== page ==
Buyers are returning to the comfortable, familiar styles
of their youth. "The post-modern styling is gone," says
Degen. In the South and Southwest, traditional might mean stucco
or adobe. In the rest of the country, Colonial, Victorian, Greek
Revival and Colonial Revival are big, he says.
So what is today's version of shag carpet and avocado-green
kitchen? What's "out" varies with the climate and price
range. Some trends definitely seem to be waning, including formal
living rooms, whirlpool tubs, wall-to-wall carpet throughout the
whole house and any garage not big enough for at least two cars.
"A place for storing the toys is really important," says
Strangely enough, even though living styles have gotten
much more casual, formal dining rooms are a must for many buyers.
"They still have grandma's dining room set and they don't want
to get rid of it," says Isgro-Grant, a regional vice president
of the National Association of Realtors.
Homes have gotten bigger, says Degen. One industry
survey found that from 1980 to 1999, square footage increased by
about 16 percent. That means the average home went from about 2,000
square feet to a little more than 2,300 square feet.
But during that same period, the average lot size
decreased by 6 percent -- from about one-third of an acre down to
about one-quarter of an acre, Degen says.
In northern Virginia, F. Gary Garczynski has seen
lots shrink from a minimum of a quarter acre in the 1970s to "half
"I think that's occurring in a lot of areas where
ground is at a premium, says Garczynski, a developer and the immediate
past president of the National Association of Home Builders. He's
also noticed a wider interest "in environmentally sensitive
Some real estate watchers make the connection between
ever larger homes and ever shrinking interest rates. "Twenty
years ago, interest rates were 18 to 20 percent and smaller houses
were in," says Myra Zollinger, partner with Coldwell Banker
Realty Center in Chapel Hill. Today, she says, people want a large
kitchen, large bathrooms and "lots of light."
That is probably one reason eight to 10-foot ceilings
are popular. But they are also being more careful with the space
they buy. In many regions, vaulted ceilings -- except for the great
room -- are on their way out, according to real estate professionals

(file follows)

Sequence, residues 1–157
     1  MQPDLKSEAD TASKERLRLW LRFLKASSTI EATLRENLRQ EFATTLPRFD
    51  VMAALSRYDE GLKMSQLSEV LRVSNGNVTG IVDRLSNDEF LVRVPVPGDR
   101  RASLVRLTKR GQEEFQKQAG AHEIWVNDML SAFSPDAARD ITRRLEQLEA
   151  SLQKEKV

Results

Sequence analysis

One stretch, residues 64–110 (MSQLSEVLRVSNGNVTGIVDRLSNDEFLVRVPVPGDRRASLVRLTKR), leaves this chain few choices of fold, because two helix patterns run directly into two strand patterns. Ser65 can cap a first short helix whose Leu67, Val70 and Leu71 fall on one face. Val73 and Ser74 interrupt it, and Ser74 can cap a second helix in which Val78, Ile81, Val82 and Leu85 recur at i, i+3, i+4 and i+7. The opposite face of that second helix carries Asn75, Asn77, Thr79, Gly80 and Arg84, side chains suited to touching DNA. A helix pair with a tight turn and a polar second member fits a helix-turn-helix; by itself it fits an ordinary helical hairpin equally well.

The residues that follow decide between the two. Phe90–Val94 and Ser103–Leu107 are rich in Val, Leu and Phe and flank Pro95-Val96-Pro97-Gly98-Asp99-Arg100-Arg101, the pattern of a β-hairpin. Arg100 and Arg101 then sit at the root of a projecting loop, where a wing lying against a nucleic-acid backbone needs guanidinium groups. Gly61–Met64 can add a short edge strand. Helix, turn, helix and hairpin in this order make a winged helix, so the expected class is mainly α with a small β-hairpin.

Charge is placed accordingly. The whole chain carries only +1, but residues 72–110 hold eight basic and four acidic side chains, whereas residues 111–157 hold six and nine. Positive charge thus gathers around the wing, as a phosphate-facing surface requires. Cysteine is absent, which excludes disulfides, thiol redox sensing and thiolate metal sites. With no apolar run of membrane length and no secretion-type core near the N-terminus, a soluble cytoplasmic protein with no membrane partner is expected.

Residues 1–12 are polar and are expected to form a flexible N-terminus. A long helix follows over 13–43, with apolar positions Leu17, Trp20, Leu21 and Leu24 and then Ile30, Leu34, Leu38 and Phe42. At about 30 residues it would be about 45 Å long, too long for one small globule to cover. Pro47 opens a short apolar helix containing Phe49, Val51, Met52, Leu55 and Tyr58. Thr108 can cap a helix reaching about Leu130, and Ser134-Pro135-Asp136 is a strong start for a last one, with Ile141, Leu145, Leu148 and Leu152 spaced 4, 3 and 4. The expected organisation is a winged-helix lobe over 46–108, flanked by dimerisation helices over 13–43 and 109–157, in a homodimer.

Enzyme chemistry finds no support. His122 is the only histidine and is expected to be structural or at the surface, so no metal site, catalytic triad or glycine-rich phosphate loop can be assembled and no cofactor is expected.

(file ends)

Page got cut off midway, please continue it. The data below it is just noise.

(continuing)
and builders. Instead, home buyers opt for plans that take that
space and give them an extra room.
Trends in new homes can vary widely, depending on
the region. In New England, Yankee buyers are less impressed with
elaborate bathrooms, says Phipps. Instead, they'd rather have closet
space. "I think that in New England, sensibility of function
[is] above all else," he says. But, especially as outsiders
move to the area, he adds, "it is changing."
Likewise, in the northeast a wide open lot with no
trees could be a tough sell, while in the Midwest, it might not
be an issue.
But when buyers desire trees, they want them full-grown,
says Lee. "They aren't willing to wait any longer," he
says. "They want trees that are already 15 to 20 feet high
-- an instant neighborhood."
And while detached garages are cold and unpopular
in the northern climes, they are flying off the market in the West
and Southwest, where buyers often turn them into studio or office
space, says Degen.
And in the Midwest and Southern California, whirlpool
tubs in the master bath are still popular, while the trend in the
rest of the country seems to favor oversized showers.
In the South -- and especially Florida -- buyers are
looking for self-contained communities that offer recreation, such
as a golf course, pool, tennis and a clubhouse. And gated communities
are big. "If they have families, they want to feel comfortable
that their kids can ride their bikes," says RE/MAX's Boring.
Dana Dratch is a freelance writer
based in Atlanta.